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Frederick George Scott 1861 (Montreal, Quebec) – 1944 (Quebec City, Quebec)

GREAT mother! from the depths of forest wilds,
From mountain pass and burning sunset plain,
We, thine unlettered children of the woods,
Upraise to thee the everlasting hymn
Of nature, language of the skies and seas,
Voice of the birds and sighing of the pine
In wintry wastes. We know none other tongue,
Nor the smooth speech that, like the shining leaves,
Hides the rough stems beneath. We bring our song,
Wood-fragrant, rough, yet autumn-streaked with love,
And lay it as a tribute at thy feet.
But should it vex thee thus to hear us sing,
Sad in the universal joy that crowns
This year of years, and shouldst thou deem our voice
But death-cry of the ages that are past,
Bear with us—say, "My children of the woods,
In language learnt from bird and wood and stream,
From changing moons and stars and misty lakes,
Pour forth their love, and lay it at my feet;
The voice is wild and strange, untuned to ear
Of majesty, ill-timed to fevered pulse
Of this young age, and meteor-souls that flash
New paths upon night's dome; yet will I hear
This singing of my children ere they die."
Great mother! thou art wise, they say, and good,
And reignest like the moon in autumn skies,
The world about thy feet. We have not seen
Thy face, nor the wild seas of life that surge
Around thy throne; but we have stood by falls,
Deep-shadowed in the silence of the woods,
And heard the water-thunders, and have said,
Thus is the voice of men about our Queen.
What is the red man but the forest stream,
The cry of screech-owl in the desert wilds?
This flood that overflows the hills and plains
Is not for us. Back, Westward, Northward, ay,
Up to eternal winter 'neath the stars,
Our path must be in silence, till the snows
And sun and wind have bleached our children's bones.
The red must go; the axe and plough and plane
Are not for him. We perish with the pine,
We vanish in the silence of the woods;
Our footsteps, like the war-trail in the snow,
Grow fainter while the new spring buds with life.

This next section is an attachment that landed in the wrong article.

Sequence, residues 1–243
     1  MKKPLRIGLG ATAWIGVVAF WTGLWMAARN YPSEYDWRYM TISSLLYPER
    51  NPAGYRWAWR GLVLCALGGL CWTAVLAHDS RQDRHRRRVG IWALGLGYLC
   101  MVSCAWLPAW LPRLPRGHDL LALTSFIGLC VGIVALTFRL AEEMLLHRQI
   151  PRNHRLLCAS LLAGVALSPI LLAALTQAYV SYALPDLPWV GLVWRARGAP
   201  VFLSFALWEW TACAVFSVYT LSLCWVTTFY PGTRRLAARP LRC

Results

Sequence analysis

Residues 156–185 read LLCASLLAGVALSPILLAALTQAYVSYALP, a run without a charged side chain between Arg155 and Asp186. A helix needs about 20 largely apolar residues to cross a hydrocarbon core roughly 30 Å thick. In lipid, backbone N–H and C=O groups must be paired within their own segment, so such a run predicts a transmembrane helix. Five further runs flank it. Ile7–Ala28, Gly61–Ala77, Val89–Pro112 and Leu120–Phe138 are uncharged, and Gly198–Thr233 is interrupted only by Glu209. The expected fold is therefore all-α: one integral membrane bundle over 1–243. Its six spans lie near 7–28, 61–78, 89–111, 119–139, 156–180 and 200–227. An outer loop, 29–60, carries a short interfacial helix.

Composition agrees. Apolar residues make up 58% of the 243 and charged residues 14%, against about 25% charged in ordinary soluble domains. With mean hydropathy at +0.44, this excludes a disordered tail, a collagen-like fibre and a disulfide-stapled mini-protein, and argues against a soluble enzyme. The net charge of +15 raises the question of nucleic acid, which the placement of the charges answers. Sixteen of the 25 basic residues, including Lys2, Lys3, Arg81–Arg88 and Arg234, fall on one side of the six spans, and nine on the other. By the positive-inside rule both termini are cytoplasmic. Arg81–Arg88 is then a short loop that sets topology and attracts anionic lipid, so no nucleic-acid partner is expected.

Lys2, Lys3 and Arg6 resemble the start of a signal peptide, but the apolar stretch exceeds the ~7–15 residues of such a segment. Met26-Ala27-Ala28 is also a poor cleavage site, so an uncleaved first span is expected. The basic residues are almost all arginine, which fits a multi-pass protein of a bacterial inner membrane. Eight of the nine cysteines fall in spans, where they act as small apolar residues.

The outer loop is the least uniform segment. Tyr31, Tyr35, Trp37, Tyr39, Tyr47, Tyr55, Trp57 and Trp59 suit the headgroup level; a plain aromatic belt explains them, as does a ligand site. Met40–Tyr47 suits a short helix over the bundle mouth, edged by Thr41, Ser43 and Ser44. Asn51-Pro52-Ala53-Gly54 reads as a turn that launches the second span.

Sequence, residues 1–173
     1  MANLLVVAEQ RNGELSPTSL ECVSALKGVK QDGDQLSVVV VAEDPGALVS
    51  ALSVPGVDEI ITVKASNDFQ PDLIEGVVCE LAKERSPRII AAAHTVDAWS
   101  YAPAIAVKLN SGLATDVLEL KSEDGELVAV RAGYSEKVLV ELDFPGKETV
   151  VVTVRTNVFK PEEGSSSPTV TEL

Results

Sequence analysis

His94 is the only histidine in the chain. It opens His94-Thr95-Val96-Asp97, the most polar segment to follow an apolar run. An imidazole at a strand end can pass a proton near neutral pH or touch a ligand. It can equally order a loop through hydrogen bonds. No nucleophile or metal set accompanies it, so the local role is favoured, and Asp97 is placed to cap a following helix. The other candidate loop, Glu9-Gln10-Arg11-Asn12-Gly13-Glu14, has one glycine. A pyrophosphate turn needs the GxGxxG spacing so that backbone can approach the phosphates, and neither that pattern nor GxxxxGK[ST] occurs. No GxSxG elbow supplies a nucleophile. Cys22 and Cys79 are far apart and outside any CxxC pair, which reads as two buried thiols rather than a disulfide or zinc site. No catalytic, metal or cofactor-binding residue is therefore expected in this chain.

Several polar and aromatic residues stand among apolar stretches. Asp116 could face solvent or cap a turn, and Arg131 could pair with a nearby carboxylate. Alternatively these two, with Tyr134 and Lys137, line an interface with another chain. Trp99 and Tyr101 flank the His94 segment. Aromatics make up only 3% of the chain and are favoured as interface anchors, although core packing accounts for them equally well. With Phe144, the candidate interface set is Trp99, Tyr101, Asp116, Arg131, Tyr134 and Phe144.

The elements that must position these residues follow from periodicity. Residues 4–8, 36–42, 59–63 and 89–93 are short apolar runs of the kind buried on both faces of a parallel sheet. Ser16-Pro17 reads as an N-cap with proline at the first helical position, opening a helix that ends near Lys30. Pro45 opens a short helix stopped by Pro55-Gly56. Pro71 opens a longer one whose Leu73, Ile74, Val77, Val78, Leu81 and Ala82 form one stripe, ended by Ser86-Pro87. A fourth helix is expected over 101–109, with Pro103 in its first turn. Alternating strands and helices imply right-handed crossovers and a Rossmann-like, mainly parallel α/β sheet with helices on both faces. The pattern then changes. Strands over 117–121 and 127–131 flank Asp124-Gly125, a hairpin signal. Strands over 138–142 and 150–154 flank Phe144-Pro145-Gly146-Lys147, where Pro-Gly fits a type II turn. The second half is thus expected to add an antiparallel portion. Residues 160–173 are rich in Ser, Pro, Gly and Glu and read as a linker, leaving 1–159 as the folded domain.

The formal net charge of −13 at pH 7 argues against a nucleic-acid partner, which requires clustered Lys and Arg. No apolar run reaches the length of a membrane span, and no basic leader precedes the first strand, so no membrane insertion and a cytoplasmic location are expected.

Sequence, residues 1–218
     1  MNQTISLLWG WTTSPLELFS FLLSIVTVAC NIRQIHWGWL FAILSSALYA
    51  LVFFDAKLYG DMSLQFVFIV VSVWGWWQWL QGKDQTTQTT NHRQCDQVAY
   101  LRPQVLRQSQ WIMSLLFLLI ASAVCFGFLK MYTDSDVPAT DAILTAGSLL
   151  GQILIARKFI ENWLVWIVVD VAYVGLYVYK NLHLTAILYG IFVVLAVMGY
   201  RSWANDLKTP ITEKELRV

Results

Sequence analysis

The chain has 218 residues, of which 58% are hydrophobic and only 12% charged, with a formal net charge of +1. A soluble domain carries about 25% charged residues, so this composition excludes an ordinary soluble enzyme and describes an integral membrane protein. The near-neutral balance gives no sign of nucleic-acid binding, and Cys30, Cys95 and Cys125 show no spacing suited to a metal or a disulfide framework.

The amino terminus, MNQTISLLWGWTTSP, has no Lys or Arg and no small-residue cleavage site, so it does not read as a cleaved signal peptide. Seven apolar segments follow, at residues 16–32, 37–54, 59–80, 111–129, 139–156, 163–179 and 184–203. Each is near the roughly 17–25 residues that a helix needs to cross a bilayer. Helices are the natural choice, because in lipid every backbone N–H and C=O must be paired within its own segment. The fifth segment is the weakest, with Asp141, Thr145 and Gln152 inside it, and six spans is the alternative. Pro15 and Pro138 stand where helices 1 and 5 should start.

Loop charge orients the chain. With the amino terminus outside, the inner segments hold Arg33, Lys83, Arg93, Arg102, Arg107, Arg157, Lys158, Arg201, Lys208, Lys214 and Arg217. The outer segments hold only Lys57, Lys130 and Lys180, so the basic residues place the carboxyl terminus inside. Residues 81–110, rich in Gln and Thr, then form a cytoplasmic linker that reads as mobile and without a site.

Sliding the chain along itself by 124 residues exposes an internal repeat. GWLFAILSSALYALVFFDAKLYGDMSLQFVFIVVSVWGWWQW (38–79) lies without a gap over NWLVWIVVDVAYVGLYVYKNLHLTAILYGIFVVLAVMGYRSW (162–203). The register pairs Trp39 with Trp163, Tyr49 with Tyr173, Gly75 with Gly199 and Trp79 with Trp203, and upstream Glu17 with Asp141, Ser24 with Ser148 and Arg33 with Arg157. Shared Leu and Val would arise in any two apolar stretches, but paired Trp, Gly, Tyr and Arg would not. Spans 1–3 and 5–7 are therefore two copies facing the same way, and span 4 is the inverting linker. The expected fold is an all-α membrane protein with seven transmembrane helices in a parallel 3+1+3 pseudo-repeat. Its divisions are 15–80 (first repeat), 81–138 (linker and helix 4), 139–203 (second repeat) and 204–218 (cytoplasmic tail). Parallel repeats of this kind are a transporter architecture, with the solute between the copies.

Great mother! the white faces came with words
Of love and hope, and pointed to the skies,
And in the sunrise splendour set the throne
Of the Great Spirit, and upon the cross
Showed us His Son, and asked a throne for Him.
Their speech was music; but in camp at night
We brooded o'er the matter round the fire,
The shadowy pines about us, and the stars,
Set in the silent heavens, looking down.
We brooded o'er the matter days and years,
For thus each thought and thus each spake in words:
"We children of the woods have lived and died
In these our forests, since the first moon tipped
Their thousand lakes and rivers with her beams,
Pale silver in the fading sky of even.
Our fathers' faces kindled in the glow
Of setting suns; they read the starlit sky;
They heard the Spirit's breathing on the storm,
And on the quaking earth they felt His tread;
But never yet the story of His Son
Was wafted to them from the sighing woods,
Or bird or stream. Our fathers' God is ours;
And as for these new words, we watch and wait."
Great mother! we have waited days and years,
Thro' spring and summer—summer, autumn, spring;
Brooding in silence, for anon we dreamed
A bird's voice in our hearts half sung, "'Tis true."
We listened and we watched the pale face come,
When, lo! new gods came with them—gods of iron
And fire, that shook the forests as they rushed,
Filling with thunder and loud screeching, plains,
Mountains, and woods, and dimming with their breath
The shining skies. These new gods, who were they,
That came devouring all, and blackening earth
And sky with smoke and thunder? We knew not,
But fled in terror further from the face
Of these white children and their gods of iron;
We heard no more their story of the Son,
And words of love. Their own lives were not love,
But war concealed and fire beneath the ash.
Thus ever now the burden of our speech—
We perish with the pine tree and the bird,
We vanish in the silence of the woods,
The white man's hunting-ground, it is not ours;
We care not for his gods of iron and fire;
Our home is in the trackless wilds, the depths
Of mountain solitudes, by starlit lakes,
By noise of waters in the unchanging woods.
Great mother! we have wondered that thy sons,
Thy pale sons, should have left thy side and come
To these wild plains, and sought the haunts of bears
And red men. Why their battle with the woods?
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Submitted on May 13, 2011

4:09 min read

Frederick George Scott

Frederick George Scott was a Canadian poet and author, known as the Poet of the Laurentians. He is sometimes associated with Canada's Confederation Poets, a group that included Charles G. D. Roberts, Bliss Carman, Archibald Lampman, and Duncan Campbell Scott. Scott published 13 books of Christian and patriotic poetry. Scott was a British imperialist who wrote many hymns to the British Empire—eulogizing his country's roles in the Boer Wars and World War I. Many of his poems use the natural world symbolically to convey deeper spiritual meaning. Frederick George Scott was the father of poet F. R. Scott. more…

All Frederick George Scott poems | Frederick George Scott Books

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